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India-US Hold First Maritime Security Dialogue
May 20, 2016

India and the US hold their first maritime security dialogue on May 16 in New Delhi with discussions centering on strategic maritime security issues and maritime challenges in the Asia-Pacific region.

The start of the dialogue was one of the agreements reached between the two countries during the visit to India in April by US defence secretary Ashton Carter, and it comes against the backdrop of increased Indian naval engagement in the Indian Ocean and South-East Asia, the US pivot or rebalance towards Asia and America looking at India to step up its role in the region.

The two countries have on at least two occasions put out a joint strategic vision for the Asia-Pacific and Indian Ocean regions, calling for the freedom of navigation and unimpeded movement of ships through the global commons or high seas, in an oblique reference to China putting embargos on the movement of ships and airplanes through the disputed waters of the South China Sea.

Key Points

  • Among the issues discussed were Asia-Pacific maritime challenges, naval cooperation and multilateral engagement.

  • The US delegation included assistant secretary of defence for Asian and Pacific security affairs David Shear, deputy assistant secretary of state for south and central Asian affairs Manpreet Anand and vice admiral Joseph P. Aucoin, commander, US Seventh Fleet, the largest of the forward deployed fleets of the US Navy and headquartered in Yokosuka, Japan.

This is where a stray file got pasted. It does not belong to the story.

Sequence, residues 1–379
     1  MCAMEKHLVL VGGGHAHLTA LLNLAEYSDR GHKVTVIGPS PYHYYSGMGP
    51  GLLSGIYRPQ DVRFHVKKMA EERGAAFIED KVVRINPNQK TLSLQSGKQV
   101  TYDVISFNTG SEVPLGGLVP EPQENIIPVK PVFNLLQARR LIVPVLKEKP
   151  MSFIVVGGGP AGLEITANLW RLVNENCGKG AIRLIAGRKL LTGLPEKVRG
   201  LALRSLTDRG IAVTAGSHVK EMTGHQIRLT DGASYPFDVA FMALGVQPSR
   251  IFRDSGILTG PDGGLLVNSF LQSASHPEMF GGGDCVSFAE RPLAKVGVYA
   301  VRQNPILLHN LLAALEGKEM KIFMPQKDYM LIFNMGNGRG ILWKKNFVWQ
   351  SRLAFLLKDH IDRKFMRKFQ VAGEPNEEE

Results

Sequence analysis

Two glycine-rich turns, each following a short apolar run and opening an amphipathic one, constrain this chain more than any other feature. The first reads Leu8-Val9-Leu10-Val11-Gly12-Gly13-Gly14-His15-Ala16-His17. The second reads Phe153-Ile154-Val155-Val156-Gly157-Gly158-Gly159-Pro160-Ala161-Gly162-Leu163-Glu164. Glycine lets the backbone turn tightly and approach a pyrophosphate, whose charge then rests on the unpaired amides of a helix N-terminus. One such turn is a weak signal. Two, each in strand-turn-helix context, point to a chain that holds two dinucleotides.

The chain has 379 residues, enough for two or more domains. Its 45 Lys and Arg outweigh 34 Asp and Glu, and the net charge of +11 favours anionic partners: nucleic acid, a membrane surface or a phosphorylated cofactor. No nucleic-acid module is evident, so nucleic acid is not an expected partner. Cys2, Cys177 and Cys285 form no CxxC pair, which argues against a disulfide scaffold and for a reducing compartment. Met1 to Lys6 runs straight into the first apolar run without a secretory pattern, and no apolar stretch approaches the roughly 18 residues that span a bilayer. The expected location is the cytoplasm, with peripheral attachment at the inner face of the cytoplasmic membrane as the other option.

• The Seventh Fleet’s area of operation encompasses 36 maritime countries, including China, Russia and India, besides five US defence treaty allies—the Philippines, Australia, South Korea, Japan and Thailand.

  • The India-US dialogue comes as India and the US are warily eyeing the rise of China as are the Asian giant’s smaller South East Asian neighbours such as the Philippines and Vietnam who are locked in maritime disputes with China.

China building artificial islands in the waters of the South China Sea is also upsetting its smaller neighbours. A US department of defence report over the weekend said China was expected to add substantial military infrastructure, including communications and surveillance systems, to artificial islands in the South China Sea this year.
It said the planned addition will give China long-term ‘civil-military bases’ in the contested waters and estimated that China’s reclamation work had added more than 1,300 hectares on seven features it occupied in the Spratly Islands in the space of two years.

India has been wary of increased Chinese presence in the Indian Ocean that it considers its backyard as well as reports of Chinese bases coming up in countries like Djibouti.

Indian naval ships have in recent months increased their port calls along the Gulf and coast of Africa as well as in South-East Asia.

The US’s rebalancing towards Asia, announced in 2011, means assigning higher priority and political, economic and security resources to the Asia-Pacific region because of its dynamism and the increased assertiveness of a rising China, watched warily by many countries in the region.

The rebalancing includes the strengthening of relationships with allies such as Australia and partners like India and Indonesia, a more extensive and structured relationship with the Association of South-East Asian Nations (Asean), drawing these countries into the US’s economic sphere of influence with pacts such as the Trans-Pacific partnership, as well as maintaining a stable relationship with China.


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